Us education

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US Education: The hot potato.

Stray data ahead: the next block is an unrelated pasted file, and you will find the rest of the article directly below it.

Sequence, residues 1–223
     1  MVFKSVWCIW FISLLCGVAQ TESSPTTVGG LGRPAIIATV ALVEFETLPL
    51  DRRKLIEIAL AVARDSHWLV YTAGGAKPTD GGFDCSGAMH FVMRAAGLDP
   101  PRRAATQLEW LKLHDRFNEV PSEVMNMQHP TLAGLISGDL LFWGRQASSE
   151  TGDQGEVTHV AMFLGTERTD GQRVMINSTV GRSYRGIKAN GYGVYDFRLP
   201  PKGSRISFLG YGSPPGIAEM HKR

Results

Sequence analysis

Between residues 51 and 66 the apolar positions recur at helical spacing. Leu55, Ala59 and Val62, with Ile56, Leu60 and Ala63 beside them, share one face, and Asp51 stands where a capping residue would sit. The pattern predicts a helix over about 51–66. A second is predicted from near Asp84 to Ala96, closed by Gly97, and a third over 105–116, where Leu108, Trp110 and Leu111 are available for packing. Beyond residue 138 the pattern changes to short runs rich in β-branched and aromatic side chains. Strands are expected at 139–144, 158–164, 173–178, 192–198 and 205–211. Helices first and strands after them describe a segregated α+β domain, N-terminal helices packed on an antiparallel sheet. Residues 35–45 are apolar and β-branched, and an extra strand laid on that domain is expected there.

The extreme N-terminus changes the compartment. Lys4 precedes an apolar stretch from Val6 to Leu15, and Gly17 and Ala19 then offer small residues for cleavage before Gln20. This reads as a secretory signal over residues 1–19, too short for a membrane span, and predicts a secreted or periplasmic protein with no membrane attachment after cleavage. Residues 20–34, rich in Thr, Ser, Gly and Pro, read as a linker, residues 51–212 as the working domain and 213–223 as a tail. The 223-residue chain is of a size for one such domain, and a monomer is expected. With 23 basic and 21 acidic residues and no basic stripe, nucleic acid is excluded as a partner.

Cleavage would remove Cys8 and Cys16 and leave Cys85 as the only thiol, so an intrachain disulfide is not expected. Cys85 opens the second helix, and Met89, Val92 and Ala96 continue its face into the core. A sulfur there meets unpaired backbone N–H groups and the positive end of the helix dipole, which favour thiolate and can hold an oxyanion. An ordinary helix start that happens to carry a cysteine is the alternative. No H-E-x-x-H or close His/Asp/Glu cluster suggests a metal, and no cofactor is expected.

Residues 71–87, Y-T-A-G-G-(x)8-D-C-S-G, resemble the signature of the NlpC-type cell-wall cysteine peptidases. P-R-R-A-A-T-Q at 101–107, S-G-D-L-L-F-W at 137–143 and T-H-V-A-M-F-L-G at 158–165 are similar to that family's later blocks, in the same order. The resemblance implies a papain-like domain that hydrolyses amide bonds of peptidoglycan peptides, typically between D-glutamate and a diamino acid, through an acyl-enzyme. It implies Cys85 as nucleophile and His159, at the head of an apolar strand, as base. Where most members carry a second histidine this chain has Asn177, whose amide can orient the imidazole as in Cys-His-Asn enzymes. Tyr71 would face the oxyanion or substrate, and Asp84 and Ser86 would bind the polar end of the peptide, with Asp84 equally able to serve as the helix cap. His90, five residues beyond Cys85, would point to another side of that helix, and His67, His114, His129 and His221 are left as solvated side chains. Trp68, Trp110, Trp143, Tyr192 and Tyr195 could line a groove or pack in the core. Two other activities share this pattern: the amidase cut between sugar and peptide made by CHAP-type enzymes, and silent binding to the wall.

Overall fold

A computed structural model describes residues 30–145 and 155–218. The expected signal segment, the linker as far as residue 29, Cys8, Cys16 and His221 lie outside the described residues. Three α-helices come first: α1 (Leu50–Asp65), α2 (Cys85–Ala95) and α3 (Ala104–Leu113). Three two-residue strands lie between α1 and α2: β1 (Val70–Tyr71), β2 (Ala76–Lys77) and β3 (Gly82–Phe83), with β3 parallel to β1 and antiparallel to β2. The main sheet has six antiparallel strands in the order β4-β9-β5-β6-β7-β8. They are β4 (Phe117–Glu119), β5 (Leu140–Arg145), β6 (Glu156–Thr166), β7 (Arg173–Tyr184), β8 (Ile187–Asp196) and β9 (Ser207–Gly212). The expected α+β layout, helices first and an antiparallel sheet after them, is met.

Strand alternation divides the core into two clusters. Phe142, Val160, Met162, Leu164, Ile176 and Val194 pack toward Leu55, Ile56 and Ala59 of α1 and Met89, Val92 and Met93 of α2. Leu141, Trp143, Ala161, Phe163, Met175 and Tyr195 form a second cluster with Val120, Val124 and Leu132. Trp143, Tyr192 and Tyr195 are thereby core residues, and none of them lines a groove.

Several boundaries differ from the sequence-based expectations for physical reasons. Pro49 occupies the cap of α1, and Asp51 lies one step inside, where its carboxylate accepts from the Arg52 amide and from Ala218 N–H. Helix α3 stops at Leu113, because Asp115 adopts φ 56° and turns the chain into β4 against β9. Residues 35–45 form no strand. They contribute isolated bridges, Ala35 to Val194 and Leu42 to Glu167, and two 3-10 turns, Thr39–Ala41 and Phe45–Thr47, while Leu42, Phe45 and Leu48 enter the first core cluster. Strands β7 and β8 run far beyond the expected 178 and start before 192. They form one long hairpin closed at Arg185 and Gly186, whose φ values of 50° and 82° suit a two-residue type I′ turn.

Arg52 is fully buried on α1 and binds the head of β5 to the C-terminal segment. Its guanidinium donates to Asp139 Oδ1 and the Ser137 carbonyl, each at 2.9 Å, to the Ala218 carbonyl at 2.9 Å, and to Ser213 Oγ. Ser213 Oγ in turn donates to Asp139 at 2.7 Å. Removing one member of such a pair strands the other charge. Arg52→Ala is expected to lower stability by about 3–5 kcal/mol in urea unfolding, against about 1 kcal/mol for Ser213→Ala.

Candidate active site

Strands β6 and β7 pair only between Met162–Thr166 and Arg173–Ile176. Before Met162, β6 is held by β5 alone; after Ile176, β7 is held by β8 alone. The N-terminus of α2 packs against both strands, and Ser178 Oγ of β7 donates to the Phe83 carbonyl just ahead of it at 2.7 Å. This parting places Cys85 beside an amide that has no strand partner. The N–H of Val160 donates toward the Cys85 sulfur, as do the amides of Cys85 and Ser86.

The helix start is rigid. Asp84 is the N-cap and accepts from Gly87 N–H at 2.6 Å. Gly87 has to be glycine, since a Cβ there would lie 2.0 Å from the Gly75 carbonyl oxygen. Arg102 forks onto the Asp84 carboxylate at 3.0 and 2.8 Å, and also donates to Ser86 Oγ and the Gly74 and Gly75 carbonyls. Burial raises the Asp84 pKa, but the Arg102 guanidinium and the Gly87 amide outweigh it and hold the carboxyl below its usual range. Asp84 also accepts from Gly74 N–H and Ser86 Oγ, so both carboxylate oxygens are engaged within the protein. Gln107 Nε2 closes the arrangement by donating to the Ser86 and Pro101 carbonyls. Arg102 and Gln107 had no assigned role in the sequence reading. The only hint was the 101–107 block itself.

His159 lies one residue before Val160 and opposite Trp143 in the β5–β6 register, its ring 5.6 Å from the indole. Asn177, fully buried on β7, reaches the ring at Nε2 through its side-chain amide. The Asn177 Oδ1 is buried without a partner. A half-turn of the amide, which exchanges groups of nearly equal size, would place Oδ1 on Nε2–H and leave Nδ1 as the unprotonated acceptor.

In 1785, Thomas Jefferson wrote: "What are the objects of an useful American education? Classical knowledge, modern languages and chiefly French, Spanish, and Italian; Mathematics, Natural philosophy, Natural history, Civil history, and Ethics. In Natural philosophy, I mean to include Chemistry and Agriculture, and in Natural history, to include Botany, as well asthe other branches of those departments." Thomas Jefferson had faith in a strong and rich education for American citizens but the last 60 years demonstrated a very different academic perspective. After the President Truman's Commission Higher Education for Democracy in 1947, the United States of America have conduct marking educational reforms. During the Eisenhower administrations, improving theeducational system became a major concern as the Soviet Union's school system was able to produce outstanding engineers and scientists. The year following the lunch of Sputnik I on October 4, 1957, President Eisenhower signed the National Defense Education Act into law (1958). This law targeted higher education and provided loans to students, financial Assistance to reinforce science, mathematics,and foreign languages. Testing in the law was a tool to identify talented students who excelled in these fields. Later in 1965, President Johnson's signed the Elementary and Secondary Education Act (inspired draft of President Kennedy administration). This law was a part of President Johnson's “war on poverty” legislative plan. Decreasing the poverty level in the USA (20% of the population) wasthe global objective of Johnson's plan. Education was designed as one the main means to reach this objective. The funds focuses on reading and arithmetic programs “that would supposedly provide equality of educational opportunity for students from law-income families”, Spring, J. Extract from: American Education. For the first time, the federal government embraced a role in elementary and secondaryeducational policies by funding the most expansive federal education bill ever passed before . The law provided financial assistance to State Department of Education and local educational agencies (school library resources, textbooks, instructional materials, supplementary educational services, educational training and grants to strengthen State Departments Of Education). In 1983, theReagan-appointed National Commission on Excellence in Education issued a report “A nation At Risk” (ANAR). The commission concluded that national success in a global economy depended on the quality of the educational system. ANAR recommended stronger high school graduation requirement (in response to the declining SAT scores from 1963 to 1980), higher standards for academic performance as well as higherstandards to enter into the teaching profession. The report focused almost only on high schools, underestimating the non-performance of elementary and middle schools, which obviously was academically responsible to prepare students for high school. It also excluded social and economic factors which raised justified criticism. The report has been hijacked by the administration of president RonaldReagan who used education as a political tool. The two main responses to A Nation at Risk were increased use of standardized assessments at state and local levels and increased course requirements for graduation from high school (which was positive). The report inspired the standard movement, but the assessment industry during this time fattened in synergy with the outcome-based education (OBE)movement, big supporter of high-stakes testing. “A nation At Risk was animated by a vision of good education as a foundation of a better life for individuals and for our democratic society, but No Child Left Behind had no vision other than improving test scores in reading and math. It produced mountains of data, not educated citizens”. Ravitch, D. Extract from: The death and life of the great American...
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